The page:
The Core of Creativity
What is the science behind creativity? Dive into a unique theory that could be the reason for Salvador Dali’s brilliance.
For better or for worse, everything we experience in life has an influence on us. I believe this goes down to the very core of experience. Some of our earliest influencers were colors, sounds, textures, shapes, etc… Pieces of those things stay within our subconscious, but the problem is, all of this information is too much for us to recall at any given moment. This is where hypnagogia comes in. The hypnagogic state serves a bridge between the logical, physical, world and the abstract, subconscious world. Hypnagogia lets us tap into the primal experiences that have influenced us and apply those in logical scenarios. Basically, the hypnagogic states can allow a person to channel one’s own nostalgia.
The very first live-action movie I remember watching is Jurassic Park. Because I was only 3 or 4, the movie probably scared me enough to stick with me. A few weeks ago, I re-watched the film and noticed, for the first time, the similarities between the color palette of “Mr. DNA”, and my own. The blues, off-whites, and pinks are all very similar.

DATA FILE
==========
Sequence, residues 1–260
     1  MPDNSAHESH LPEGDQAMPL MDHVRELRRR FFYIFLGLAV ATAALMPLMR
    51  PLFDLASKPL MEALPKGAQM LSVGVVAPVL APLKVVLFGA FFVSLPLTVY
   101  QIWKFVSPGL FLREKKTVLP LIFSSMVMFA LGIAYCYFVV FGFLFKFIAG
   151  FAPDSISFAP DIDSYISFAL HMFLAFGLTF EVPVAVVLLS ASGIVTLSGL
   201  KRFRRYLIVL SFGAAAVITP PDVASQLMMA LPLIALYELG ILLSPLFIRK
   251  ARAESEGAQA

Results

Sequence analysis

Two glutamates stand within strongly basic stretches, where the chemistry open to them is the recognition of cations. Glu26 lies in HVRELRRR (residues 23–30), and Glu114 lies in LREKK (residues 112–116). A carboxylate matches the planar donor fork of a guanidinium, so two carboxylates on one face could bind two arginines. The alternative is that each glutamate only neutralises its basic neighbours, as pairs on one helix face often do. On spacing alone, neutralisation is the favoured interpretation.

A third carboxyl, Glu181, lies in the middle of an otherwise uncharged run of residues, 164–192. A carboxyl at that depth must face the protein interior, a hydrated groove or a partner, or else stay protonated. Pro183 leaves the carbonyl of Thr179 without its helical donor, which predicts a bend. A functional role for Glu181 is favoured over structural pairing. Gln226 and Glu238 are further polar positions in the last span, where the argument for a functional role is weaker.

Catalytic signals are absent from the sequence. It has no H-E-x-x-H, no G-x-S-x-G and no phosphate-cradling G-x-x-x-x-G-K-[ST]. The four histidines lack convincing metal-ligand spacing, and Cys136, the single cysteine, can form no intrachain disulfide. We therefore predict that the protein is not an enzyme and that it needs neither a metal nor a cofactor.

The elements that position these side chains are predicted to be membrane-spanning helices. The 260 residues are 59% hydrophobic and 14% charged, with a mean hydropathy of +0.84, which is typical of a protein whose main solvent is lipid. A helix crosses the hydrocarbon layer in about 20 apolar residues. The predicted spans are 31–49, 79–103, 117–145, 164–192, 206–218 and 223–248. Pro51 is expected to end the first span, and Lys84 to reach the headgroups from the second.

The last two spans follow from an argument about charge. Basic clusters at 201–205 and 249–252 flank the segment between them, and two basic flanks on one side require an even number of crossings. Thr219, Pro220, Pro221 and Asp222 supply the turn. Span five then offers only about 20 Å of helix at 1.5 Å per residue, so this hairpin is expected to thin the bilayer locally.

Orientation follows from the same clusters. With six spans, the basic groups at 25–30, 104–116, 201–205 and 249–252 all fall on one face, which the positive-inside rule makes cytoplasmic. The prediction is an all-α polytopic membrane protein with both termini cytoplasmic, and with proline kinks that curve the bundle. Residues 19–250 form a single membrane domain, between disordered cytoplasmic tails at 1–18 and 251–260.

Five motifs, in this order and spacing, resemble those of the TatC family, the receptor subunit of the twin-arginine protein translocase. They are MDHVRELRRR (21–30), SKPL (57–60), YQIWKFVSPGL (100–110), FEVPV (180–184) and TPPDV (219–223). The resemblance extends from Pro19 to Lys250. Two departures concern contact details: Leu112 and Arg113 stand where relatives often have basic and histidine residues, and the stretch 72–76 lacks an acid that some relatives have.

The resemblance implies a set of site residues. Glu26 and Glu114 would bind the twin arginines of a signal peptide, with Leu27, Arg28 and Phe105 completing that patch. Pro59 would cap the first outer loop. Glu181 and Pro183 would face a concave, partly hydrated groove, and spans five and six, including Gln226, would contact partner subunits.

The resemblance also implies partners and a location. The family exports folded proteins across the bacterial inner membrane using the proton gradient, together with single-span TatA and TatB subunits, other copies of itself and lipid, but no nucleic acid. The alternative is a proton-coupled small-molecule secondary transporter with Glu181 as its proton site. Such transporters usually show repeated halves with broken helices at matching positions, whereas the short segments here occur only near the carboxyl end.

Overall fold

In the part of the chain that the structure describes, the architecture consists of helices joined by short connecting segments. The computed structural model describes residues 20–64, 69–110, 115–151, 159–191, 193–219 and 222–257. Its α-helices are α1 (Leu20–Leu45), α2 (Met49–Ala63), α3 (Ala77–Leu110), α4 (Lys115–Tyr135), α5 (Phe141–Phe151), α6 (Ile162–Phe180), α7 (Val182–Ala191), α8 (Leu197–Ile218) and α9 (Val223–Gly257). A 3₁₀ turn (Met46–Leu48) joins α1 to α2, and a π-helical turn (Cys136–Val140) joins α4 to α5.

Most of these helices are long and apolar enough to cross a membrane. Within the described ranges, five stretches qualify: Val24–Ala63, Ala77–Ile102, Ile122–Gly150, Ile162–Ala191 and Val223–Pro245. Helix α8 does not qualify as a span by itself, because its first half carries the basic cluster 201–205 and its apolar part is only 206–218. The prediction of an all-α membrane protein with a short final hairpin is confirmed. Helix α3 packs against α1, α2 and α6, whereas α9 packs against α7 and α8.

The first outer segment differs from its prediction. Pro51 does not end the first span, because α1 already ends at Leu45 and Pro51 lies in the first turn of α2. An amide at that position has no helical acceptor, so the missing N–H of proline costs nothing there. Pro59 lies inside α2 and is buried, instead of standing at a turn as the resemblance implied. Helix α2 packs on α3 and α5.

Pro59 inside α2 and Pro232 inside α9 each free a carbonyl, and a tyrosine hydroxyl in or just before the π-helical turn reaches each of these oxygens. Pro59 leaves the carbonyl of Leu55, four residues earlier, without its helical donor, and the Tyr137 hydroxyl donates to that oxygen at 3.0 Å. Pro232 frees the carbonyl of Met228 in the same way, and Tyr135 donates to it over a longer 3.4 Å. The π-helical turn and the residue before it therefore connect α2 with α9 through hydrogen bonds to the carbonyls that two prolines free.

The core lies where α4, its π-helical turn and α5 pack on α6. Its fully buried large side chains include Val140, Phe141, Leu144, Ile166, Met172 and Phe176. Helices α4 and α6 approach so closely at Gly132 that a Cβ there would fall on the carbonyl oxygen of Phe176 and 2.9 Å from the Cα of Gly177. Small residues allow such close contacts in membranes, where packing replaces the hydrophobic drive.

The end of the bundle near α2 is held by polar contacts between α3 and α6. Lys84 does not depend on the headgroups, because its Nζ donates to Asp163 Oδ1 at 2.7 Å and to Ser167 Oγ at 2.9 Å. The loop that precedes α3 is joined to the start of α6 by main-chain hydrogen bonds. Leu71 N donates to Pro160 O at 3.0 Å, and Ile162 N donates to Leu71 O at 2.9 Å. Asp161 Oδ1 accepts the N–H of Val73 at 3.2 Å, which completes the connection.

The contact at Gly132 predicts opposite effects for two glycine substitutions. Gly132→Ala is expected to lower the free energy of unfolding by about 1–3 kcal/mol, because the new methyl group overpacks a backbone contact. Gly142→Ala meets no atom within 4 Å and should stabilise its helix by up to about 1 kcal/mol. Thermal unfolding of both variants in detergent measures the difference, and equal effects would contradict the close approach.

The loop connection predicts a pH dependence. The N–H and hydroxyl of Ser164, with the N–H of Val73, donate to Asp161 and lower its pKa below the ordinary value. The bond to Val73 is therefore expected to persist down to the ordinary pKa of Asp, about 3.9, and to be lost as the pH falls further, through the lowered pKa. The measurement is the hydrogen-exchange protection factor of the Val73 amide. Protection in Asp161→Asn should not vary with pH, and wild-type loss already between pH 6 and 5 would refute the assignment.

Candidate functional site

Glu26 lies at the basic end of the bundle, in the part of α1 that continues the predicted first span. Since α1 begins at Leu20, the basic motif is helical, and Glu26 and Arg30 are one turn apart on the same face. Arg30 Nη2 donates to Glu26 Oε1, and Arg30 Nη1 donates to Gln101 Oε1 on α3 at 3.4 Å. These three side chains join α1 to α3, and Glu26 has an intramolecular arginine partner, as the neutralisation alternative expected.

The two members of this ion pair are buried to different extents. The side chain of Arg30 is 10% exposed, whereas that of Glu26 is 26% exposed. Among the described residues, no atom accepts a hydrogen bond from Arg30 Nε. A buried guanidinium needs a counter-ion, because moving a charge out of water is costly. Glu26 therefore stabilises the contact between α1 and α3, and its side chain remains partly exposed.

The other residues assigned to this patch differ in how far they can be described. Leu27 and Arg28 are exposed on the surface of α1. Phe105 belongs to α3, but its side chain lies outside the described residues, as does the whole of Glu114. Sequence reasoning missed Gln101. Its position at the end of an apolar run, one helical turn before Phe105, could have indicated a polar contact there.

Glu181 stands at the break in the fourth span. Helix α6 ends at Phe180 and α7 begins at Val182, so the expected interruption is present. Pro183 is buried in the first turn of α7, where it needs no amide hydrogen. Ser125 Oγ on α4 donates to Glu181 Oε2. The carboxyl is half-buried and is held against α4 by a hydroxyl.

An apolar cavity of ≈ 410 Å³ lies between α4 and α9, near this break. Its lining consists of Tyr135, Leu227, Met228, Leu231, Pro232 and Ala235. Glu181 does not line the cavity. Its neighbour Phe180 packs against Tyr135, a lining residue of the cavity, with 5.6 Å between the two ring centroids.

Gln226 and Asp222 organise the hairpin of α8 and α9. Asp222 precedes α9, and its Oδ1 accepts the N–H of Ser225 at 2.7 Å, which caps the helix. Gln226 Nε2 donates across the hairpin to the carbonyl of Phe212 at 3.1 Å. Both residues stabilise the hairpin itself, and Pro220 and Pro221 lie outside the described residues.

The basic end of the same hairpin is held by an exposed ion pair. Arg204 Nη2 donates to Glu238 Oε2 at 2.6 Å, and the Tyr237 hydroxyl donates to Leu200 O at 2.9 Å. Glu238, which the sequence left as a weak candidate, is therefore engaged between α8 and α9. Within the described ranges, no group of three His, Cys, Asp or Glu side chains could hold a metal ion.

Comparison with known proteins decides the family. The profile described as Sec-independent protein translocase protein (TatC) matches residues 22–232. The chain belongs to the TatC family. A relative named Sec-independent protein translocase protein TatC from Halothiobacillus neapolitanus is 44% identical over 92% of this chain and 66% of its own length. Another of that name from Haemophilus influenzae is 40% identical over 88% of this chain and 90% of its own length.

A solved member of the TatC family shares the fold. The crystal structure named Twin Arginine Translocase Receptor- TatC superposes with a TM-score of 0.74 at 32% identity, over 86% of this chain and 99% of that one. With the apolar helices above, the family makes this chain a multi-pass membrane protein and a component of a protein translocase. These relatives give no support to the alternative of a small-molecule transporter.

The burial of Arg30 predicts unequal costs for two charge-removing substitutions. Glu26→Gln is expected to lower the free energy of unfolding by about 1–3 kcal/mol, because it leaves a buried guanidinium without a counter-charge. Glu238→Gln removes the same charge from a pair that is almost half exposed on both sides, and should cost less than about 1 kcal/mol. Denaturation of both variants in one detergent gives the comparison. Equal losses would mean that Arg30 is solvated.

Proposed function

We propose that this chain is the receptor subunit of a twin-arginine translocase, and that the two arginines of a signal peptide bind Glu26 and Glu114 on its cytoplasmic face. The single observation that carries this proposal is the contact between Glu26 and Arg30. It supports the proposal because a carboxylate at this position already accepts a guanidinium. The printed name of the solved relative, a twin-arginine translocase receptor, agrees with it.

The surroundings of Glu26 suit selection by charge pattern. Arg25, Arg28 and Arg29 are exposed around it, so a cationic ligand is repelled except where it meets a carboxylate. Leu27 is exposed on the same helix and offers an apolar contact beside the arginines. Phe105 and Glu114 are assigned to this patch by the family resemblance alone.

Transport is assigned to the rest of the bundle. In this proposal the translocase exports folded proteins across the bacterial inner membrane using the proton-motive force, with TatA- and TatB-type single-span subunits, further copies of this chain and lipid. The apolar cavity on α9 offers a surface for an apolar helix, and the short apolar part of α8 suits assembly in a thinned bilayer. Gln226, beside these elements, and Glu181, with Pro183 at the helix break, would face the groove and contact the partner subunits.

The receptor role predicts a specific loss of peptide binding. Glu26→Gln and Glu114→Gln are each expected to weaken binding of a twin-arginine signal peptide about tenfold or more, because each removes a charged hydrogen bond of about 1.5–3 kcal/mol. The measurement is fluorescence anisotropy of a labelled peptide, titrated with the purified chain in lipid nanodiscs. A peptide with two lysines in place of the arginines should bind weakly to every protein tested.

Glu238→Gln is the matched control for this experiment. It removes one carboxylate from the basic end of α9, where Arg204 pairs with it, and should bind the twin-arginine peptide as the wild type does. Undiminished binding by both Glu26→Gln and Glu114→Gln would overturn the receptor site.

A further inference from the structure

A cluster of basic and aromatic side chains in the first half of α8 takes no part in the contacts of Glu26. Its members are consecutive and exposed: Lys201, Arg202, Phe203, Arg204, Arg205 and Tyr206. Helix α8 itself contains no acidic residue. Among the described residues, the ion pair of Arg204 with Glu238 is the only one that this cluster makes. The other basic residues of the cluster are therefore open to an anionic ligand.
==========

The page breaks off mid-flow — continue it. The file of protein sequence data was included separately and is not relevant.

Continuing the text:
I edit a lot of my photos between 12:00 am-3:00 am, meaning that I’m naturally in a semi-tired, yet semi-hypnagogic state. I’ve never consciously channeled Mr. DNA’s color palette, but it still shows up in my edits because of its nostalgic place in my subconscious.
The hypnagogic state isn’t just useful for color though. Salvador Dali credits it for his surrealist paintings, Mary Shelley utilized this state of consciousness to write “Frankenstein”, and even Thomas Edison used hypnagogia to come up with some of his inventions. Furthermore, a recent study has found that channeling nostalgia leads to more creative ideas.
The next time you find yourself dozing off in class, think about a problem you need to solve, an idea you need to create, or a story you need to write, and see if your subconscious helps you answer any of those questions.